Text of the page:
European Child & Adolescent Psychiatry vol:17 issue:2 pages:73-81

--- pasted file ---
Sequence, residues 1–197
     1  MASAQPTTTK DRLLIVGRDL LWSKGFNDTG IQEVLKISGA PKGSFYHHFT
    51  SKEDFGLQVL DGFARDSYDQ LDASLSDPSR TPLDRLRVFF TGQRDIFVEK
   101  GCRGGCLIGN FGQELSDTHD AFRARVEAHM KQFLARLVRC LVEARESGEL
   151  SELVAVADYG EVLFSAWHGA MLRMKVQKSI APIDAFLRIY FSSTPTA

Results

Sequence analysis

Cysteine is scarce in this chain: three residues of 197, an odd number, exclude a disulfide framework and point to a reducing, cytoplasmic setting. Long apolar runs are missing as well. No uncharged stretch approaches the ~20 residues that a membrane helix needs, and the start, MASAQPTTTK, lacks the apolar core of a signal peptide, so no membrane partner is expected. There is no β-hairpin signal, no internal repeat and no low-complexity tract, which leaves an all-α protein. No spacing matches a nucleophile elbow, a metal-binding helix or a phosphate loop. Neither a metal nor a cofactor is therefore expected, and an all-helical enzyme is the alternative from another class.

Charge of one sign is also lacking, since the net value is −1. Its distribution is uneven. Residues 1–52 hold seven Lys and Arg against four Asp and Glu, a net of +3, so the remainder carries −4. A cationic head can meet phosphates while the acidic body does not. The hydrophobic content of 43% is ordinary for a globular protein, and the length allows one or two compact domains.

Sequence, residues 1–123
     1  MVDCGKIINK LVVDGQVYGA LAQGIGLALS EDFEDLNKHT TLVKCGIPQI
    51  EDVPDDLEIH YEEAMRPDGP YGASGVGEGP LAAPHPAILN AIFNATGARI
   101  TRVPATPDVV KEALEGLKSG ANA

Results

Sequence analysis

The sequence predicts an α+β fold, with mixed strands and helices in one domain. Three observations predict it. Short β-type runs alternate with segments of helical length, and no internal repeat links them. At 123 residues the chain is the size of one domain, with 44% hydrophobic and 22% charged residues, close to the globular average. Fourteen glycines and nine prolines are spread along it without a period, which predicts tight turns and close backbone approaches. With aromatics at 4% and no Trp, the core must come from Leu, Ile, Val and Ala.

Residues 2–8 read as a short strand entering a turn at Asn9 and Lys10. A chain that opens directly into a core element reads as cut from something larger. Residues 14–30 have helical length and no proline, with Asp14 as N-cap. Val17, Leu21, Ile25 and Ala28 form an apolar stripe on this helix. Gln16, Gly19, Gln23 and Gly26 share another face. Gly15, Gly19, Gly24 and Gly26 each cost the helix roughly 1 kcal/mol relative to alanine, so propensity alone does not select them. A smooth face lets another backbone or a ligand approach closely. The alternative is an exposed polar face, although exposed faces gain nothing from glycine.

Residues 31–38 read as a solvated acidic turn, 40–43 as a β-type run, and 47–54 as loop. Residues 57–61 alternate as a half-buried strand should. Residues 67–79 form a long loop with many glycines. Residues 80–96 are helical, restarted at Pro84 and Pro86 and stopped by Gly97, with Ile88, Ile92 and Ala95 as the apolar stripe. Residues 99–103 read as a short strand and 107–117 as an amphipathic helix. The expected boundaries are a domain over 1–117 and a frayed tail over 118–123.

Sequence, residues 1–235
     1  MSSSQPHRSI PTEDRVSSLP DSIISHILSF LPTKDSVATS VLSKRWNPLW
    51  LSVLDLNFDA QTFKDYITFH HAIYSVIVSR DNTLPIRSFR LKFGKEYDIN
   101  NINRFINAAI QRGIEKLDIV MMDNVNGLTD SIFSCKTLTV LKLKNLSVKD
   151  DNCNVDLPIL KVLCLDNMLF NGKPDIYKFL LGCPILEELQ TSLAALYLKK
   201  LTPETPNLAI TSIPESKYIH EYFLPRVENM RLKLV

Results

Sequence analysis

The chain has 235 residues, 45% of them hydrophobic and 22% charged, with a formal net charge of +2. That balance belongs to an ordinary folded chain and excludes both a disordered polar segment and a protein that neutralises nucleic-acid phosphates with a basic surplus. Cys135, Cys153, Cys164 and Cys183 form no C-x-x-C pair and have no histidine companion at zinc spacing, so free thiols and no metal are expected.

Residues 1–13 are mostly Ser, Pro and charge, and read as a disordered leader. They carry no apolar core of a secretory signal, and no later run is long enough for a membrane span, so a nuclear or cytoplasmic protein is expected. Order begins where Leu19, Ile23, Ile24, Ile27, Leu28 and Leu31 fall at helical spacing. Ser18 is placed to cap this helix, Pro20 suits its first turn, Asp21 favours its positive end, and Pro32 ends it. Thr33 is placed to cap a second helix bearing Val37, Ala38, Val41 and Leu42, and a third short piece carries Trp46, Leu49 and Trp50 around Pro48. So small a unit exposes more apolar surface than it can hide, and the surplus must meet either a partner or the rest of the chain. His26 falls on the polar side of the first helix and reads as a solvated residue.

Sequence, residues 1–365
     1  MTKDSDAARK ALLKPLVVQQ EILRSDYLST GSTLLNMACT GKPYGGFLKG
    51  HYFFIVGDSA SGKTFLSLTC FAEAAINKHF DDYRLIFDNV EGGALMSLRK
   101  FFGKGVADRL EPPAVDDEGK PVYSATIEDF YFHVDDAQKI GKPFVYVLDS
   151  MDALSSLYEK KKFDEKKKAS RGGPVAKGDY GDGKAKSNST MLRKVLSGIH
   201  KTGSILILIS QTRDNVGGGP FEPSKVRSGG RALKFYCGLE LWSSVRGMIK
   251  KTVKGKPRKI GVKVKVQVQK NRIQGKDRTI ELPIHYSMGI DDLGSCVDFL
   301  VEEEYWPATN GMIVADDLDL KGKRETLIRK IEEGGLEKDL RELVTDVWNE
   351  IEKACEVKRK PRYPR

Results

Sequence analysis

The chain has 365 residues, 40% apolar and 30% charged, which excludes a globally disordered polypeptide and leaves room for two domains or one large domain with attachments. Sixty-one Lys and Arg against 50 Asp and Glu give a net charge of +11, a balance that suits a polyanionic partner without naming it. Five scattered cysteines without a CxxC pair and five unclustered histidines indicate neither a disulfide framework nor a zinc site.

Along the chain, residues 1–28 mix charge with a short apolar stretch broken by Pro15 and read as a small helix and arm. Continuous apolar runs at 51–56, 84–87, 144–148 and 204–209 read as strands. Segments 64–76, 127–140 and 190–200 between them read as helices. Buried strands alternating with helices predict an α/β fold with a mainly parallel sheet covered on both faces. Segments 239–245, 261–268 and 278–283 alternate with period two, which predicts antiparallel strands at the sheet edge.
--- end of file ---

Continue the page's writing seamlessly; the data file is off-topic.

Objective: The present study investigated the predictive power of anxiety, IQ, severity of ADHD and parental depression on the outcome of treatment in children with ADHD. Method: Fifty children with ADHD (ages 8-12) were randomized to a 10-week treatment of methylphenidate or to a treatment of methylphenidate combined with multimodal behavior therapy. Prior to treatment predictors were assessed. Outcome was assessed separately for parents and teachers on a composite measure of inattentive, hyperactive, oppositional- and conduct disorder symptoms. Results: There was neither a significant difference between the two treatments at baseline nor did treatment condition predict outcome. Therefore the data were collapsed across the two treatments. A combination of anxiety and IQ predicted teacher-rated outcome, explaining 18% of the variance. Higher anxiety and higher IQ's indicated better treatment outcome. There were no significant predictors of the parent-rated outcome. Conclusions: This study showed a small but significant predictive effect of IQ and anxiety on treatment outcome in children with ADHD. Clinical implications: This study supports the idea that for the treatment of ADHD children with comorbid anxiety and higher IQ respond better to the two most used treatments for ADHD.